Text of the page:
Progressive Web Apps can be enabled on Desktop Chrome right now—here’s how

Progressive Web Apps can be enabled on Desktop Chrome right now—here’s how

Apps on Chrome generally offer a good user experience, but they can be nightmares for developers who have to navigate the browser’s proprietary APIs. Luckily, Google’s moving to adopt a platform — Progressive Web Apps — that does away with many of the complexities, and it’s supported in the latest stable version of Chrome.

Enabling Progressive Web Apps in Chrome is easy. Assuming your client’s up to date, all you have to do is toggle three development flags: App Banners and Experimental App Bannerswhich enable the prompts that let you install web apps; and Desktop PWAs, which adds windowing and banner support for PWAs.


If the links aren’t working for you, try copying and pasting these URLs into the address bar:

Progressive Web App flags in Chrome.

It gets easier from that point on. Once you’ve enabled the relevant flags and typed in a PWA’s web address, you’ll see an Install to desktop option in Chrome’s drop-down menu.

Then you’ll get an Install to desktop pop-up prompt. Clicking on Add will save the PWA to your PC’s desktop, where you can launch it just as you would any Chrome app.

PWAs, if you haven’t heard, are web apps designed with the flexibility of desktop apps in mind. They launch from icons and shortcuts just like native apps, but their reliance on CSS3, JavaScript, and other open web frameworks allows them to work across browsers and platforms with minimal porting. By using a combination of plugins, web APIs, and scripts, they’re able to juggle tasks like network requests, push notifications, content fetching, and more.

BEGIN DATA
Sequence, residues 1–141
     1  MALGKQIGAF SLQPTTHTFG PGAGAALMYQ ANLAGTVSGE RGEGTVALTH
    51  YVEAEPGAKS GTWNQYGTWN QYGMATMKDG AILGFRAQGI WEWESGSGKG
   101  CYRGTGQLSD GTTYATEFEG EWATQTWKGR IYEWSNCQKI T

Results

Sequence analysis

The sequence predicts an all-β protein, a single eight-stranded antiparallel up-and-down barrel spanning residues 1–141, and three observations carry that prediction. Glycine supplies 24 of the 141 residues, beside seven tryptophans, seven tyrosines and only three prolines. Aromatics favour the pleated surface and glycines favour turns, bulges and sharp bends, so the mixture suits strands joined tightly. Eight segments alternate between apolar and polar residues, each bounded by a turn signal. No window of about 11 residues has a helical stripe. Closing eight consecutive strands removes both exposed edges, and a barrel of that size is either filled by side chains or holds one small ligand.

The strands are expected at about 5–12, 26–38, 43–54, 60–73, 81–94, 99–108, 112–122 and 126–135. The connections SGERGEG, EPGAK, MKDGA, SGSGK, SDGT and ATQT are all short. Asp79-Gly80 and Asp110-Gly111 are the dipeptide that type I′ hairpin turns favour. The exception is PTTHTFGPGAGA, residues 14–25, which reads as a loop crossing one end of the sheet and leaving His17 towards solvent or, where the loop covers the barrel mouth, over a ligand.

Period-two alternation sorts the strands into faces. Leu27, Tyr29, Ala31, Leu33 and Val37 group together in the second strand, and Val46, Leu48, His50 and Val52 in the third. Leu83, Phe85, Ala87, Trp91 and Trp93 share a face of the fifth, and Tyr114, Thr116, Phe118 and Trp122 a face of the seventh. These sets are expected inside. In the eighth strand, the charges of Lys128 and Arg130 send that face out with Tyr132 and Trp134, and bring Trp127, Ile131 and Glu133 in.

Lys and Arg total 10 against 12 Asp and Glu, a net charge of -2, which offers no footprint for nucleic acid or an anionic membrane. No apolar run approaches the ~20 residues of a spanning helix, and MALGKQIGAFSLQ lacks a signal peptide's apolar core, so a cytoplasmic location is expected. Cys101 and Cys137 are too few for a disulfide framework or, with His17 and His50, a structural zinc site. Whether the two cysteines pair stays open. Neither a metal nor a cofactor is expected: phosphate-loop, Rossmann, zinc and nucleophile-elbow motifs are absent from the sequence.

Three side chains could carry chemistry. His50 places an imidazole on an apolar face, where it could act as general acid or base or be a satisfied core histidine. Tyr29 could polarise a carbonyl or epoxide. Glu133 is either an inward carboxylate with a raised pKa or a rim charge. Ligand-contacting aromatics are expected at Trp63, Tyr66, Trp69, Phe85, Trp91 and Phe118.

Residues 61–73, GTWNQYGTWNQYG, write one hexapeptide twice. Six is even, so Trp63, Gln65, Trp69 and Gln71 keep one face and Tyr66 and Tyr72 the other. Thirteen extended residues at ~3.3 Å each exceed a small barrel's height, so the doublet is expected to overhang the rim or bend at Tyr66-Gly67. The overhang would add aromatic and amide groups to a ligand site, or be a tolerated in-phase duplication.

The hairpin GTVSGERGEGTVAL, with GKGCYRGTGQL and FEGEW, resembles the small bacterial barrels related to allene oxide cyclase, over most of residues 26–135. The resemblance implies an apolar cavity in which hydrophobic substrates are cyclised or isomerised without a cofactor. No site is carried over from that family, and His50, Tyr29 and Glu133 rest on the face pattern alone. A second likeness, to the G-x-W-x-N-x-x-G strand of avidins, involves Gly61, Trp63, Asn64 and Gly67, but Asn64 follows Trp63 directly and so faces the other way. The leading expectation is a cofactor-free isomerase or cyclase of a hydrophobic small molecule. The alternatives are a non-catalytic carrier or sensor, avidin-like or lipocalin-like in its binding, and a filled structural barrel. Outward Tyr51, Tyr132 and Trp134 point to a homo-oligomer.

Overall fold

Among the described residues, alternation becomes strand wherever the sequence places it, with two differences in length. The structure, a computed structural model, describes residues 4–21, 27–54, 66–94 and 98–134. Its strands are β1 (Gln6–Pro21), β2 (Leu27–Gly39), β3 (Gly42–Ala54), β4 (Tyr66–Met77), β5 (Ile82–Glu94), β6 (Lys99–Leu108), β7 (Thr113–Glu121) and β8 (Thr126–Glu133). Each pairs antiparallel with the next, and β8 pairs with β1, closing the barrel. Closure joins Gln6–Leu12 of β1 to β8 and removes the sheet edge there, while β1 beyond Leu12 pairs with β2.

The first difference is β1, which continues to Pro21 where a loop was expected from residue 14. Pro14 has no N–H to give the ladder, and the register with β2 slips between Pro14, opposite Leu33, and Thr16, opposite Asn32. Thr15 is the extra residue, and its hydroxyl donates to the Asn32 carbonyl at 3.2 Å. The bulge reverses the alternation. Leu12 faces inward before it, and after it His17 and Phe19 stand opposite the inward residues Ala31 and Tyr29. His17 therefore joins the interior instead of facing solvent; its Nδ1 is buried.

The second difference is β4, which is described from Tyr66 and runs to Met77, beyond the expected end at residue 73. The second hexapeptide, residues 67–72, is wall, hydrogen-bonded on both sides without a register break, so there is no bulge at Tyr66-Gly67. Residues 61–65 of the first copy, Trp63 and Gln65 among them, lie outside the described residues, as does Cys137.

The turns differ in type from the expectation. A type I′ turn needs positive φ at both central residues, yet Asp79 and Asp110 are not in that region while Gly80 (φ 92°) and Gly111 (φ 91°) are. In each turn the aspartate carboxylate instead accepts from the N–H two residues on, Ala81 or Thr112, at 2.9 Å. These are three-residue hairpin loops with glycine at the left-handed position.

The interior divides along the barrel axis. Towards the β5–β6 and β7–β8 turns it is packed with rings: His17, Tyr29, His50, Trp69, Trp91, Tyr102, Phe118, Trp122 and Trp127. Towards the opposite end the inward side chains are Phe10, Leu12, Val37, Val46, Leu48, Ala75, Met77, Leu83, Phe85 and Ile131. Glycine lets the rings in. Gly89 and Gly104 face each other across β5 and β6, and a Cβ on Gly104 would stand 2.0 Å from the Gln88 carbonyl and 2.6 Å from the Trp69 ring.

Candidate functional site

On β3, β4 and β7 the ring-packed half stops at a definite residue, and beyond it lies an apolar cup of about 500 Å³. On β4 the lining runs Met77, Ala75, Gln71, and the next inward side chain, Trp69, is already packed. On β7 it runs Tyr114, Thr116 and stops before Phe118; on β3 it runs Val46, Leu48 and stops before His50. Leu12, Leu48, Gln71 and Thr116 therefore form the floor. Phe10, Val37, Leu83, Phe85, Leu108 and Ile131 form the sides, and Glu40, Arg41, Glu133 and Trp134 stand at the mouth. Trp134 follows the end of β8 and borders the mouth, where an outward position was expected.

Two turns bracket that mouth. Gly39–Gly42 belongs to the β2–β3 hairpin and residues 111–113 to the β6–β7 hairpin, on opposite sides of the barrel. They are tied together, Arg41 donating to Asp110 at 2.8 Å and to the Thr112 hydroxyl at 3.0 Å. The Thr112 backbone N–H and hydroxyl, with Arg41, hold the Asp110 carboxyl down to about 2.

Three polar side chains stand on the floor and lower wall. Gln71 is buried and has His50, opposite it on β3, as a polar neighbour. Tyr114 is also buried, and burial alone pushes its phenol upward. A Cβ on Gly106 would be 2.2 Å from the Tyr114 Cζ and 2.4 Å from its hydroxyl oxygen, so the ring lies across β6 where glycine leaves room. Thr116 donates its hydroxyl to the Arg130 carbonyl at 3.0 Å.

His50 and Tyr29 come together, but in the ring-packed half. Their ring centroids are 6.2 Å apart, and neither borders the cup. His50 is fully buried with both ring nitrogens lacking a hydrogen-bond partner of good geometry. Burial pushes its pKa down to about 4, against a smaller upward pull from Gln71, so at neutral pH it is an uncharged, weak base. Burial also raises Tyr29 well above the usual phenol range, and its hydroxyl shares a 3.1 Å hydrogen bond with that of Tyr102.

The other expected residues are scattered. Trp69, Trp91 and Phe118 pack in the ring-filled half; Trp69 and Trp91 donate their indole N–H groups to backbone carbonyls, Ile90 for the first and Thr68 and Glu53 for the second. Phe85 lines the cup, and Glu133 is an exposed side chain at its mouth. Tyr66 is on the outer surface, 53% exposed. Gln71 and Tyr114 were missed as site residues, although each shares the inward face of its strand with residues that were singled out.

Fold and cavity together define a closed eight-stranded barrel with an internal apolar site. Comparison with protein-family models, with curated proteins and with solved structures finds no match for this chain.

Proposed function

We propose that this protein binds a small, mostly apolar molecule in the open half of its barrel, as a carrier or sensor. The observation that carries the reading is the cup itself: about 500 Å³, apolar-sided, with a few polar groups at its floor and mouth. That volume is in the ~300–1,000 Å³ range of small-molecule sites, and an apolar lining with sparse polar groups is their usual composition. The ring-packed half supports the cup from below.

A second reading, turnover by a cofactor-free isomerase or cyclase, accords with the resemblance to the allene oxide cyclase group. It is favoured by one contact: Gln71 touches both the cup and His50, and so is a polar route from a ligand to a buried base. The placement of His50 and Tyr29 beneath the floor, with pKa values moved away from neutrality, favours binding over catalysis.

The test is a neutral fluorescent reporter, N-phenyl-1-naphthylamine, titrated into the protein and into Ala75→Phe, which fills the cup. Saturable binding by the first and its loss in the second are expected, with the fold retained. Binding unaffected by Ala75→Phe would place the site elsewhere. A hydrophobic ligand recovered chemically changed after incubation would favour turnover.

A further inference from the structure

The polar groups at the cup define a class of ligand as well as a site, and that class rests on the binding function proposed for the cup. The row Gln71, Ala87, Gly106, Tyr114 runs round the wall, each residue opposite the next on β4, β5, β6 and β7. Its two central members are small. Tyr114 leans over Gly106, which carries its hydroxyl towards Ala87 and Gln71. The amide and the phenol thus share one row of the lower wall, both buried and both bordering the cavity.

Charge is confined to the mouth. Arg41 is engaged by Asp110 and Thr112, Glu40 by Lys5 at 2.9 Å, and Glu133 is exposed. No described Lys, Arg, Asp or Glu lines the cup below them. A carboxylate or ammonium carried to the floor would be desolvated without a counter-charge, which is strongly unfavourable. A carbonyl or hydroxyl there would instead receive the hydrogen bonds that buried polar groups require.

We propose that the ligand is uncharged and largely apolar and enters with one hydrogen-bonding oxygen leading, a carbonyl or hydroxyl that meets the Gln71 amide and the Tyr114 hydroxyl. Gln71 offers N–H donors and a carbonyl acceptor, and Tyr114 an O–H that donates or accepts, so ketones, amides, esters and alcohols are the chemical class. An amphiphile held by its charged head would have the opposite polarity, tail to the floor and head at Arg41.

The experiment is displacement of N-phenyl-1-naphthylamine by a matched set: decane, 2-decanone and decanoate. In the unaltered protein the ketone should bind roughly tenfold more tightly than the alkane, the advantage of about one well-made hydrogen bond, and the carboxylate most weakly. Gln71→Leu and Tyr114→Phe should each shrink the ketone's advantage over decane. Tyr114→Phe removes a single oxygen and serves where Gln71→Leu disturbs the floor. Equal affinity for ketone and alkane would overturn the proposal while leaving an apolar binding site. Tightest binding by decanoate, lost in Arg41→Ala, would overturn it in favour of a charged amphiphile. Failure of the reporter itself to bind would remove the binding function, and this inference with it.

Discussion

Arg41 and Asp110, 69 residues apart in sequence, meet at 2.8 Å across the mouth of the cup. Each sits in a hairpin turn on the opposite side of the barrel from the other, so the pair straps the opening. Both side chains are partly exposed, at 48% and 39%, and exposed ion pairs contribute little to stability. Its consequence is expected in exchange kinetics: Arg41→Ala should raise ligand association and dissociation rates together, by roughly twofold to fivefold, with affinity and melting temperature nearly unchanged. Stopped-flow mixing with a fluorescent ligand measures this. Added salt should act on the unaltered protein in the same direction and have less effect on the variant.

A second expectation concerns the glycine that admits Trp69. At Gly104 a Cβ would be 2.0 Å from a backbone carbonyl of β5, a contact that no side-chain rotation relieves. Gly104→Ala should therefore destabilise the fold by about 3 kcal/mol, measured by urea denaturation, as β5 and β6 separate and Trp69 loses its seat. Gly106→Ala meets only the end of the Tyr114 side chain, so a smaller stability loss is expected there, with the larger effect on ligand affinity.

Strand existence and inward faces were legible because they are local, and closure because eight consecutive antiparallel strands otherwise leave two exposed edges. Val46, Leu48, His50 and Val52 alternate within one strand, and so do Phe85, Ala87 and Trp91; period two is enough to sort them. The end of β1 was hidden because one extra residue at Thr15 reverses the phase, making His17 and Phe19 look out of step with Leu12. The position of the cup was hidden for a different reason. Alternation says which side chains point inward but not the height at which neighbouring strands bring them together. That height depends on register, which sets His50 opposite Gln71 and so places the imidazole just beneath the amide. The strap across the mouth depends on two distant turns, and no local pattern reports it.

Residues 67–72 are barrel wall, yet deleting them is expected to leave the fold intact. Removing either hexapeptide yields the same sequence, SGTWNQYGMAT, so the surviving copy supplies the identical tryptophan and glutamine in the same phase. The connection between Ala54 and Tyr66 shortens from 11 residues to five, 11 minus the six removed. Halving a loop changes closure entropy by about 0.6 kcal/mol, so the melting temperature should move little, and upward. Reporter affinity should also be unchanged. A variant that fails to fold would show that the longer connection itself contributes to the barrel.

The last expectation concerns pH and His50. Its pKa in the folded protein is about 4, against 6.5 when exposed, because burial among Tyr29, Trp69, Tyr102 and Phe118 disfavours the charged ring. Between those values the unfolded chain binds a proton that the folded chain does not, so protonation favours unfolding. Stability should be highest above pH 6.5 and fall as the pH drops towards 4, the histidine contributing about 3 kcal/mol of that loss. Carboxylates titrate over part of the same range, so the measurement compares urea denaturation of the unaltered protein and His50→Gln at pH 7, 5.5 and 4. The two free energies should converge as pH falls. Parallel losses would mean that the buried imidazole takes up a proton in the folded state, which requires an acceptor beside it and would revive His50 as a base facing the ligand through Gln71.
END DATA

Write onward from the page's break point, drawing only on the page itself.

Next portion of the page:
There’s a lot to like about PWAs. They have the potential to reduce load times and data usage, and some even have better user interfaces than their native counterparts. But they’re not perfect. Chrome lacks a first-party storefront for PWAs, for example — to find apps, you’ll have to scour community showcases like And PWAs can’t use Chrome to its fullest just yet. In a statement late last year, Google said that it’s been “investigating ways to simplify the transition for developers that depend on exclusive Chrome App APIs.”

Like or not, though, Google’s going full steam ahead with PWAs. In 2017, the search giant announced that it’d phase out support for Chrome apps on Windows, Mac, and Linux in favor of PWAs by “mid-2018”.

About author

Kyle Wiggers
Kyle Wiggers

Kyle Wiggers is a writer, Web designer, and podcaster with an acute interest in all things tech. When not reviewing gadgets or apps, he enjoys reading the New Yorker, tinkering with computers, and playing the occasional game of Rock Me Archimedes.

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